Cloning

Have you been cloned?

I always remember watching a sci-fi film a few years ago entitled “Star Trek: Nemesis”, where Captain Picard is cloned; in this case creating a criminal “double”. Implausible? Possibly not in the case of identity theft.

Data breaches

From ordering food, requesting a taxi and checking our bank accounts, to meeting new people and selling our unwanted items, more of our lives are spent online. And whilst these digital services have given us more convenience and a better customer experience, we are giving our personal data to an unlimited number of people and companies.

And we’ve lost track of the details we’ve given. After giving them to so many different people and companies, it’s hard to remember who we gave our details to, what information we gave or when we gave them. A terrifying thought when news of data breaches hit the headlines almost every day.

In 2022, there were 5.7 million reports of fraud and identity theft with consumers worldwide losing US$8.8 billion to identity theft alone. It is not just the initial loss, however; studies showed that victims spent an average of over six months and 200 hours trying to recover their identities.

Furthermore, having your identity stolen is an ordeal. Your bank account and credit score ratings are far from the only things that suffer. A traumatic event like this can also affect your relationship with family and friends. In an ITRC survey of identity theft victims, 45% of respondents said they didn’t get enough support from their family, while 65% said the same about their friends.

Identity theft and fraud

Identity fraud is something that occours when your name and personal information is used by someone else without your knowledge to obtain, goods, credit or other services fraudulently.

The number of consumers who have made purchases online increased to 2.64 billion in 2022, making up 33.3% of the world population. This is one of the main reasons identity theft numbers are in the millions.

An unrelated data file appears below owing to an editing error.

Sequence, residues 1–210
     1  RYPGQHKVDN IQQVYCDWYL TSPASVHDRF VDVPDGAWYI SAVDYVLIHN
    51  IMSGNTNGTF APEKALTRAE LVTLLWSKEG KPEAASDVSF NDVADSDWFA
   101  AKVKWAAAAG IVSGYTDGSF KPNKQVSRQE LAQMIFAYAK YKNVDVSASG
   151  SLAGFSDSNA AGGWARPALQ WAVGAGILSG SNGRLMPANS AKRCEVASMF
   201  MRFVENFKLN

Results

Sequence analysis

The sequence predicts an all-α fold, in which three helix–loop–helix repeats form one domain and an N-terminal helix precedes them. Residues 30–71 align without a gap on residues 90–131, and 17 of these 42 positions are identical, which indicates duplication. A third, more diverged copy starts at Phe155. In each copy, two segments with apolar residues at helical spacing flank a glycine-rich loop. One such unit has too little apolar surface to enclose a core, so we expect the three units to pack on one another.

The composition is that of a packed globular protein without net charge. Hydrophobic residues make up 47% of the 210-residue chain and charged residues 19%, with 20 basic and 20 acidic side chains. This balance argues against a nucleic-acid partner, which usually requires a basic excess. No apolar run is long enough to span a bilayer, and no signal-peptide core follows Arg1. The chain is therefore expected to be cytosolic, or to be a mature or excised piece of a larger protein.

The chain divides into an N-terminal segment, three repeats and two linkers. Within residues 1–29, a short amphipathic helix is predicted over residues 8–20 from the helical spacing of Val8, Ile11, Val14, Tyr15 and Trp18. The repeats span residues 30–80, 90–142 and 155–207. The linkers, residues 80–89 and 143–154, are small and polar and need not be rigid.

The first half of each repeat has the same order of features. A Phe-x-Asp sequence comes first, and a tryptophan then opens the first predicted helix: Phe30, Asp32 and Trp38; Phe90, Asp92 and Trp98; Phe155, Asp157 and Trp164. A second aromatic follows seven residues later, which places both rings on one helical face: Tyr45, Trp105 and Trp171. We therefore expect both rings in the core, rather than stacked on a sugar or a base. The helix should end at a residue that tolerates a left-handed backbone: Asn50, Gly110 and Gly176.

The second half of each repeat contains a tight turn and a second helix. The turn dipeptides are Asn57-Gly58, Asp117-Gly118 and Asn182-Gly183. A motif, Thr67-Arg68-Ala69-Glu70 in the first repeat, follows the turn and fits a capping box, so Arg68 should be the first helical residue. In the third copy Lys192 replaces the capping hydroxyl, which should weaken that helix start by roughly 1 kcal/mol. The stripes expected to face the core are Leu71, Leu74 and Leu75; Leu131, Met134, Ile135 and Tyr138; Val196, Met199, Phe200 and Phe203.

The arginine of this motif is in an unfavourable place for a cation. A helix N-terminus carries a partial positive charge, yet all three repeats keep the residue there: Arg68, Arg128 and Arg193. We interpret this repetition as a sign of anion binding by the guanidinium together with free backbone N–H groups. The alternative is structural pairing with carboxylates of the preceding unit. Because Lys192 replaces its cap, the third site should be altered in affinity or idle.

Sharing payment information is the precursor to most identity theft incidents. According to statistics, the victims of online identity theft sprung from online shopping consumers after purchasing an item. However, 51% of consumers were targeted through phishing emails. This illustrates that online users should be wary of their personal information when shopping or purchasing, ensuring their data is safe from identity thieves. (Source: Globe Newswire)

Social media sites generate revenue with targeted advertising based on personal information. As such, they encourage registered users to provide as much information as possible. With limited government oversight, industry standards or incentives to educate users on security, privacy and identity protection, users are exposed to identity theft and fraud. Additionally, these platforms have an abundance of confidential user information, and are likely vulnerable to outside (or inside) attack.

A new report from Tessian.com, a human layer security company, has revealed that 84% of people post personal information to their social media accounts every week, with two-fifths (42%) posting every day, giving hackers the data they need to launch an attack. It reveals that half of people share names and pictures of their children, nearly three-quarters (72%) mention birthday celebrations, and 81% of workers update their job status on social media.